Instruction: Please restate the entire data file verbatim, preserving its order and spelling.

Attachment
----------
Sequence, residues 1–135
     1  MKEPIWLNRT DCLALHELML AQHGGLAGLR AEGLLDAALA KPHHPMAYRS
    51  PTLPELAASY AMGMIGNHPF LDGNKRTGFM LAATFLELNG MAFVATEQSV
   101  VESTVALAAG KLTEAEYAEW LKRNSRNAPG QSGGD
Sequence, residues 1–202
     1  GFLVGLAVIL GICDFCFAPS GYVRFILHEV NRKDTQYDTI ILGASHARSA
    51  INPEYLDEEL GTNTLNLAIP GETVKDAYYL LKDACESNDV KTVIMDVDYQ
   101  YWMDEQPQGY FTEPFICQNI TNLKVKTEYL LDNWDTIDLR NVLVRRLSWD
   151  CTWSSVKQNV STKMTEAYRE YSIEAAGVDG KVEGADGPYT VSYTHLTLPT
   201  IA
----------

Sequence, residues 1–135
     1  MKEPIWLNRT DCLALHELML AQHGGLAGLR AEGLLDAALA KPHHPMAYRS
    51  PTLPELAASY AMGMIGNHPF LDGNKRTGFM LAATFLELNG MAFVATEQSV
   101  VESTVALAAG KLTEAEYAEW LKRNSRNAPG QSGGD
Sequence, residues 1–202
     1  GFLVGLAVIL GICDFCFAPS GYVRFILHEV NRKDTQYDTI ILGASHARSA
    51  INPEYLDEEL GTNTLNLAIP GETVKDAYYL LKDACESNDV KTVIMDVDYQ
   101  YWMDEQPQGY FTEPFICQNI TNLKVKTEYL LDNWDTIDLR NVLVRRLSWD
   151  CTWSSVKQNV STKMTEAYRE YSIEAAGVDG KVEGADGPYT VSYTHLTLPT
   201  IA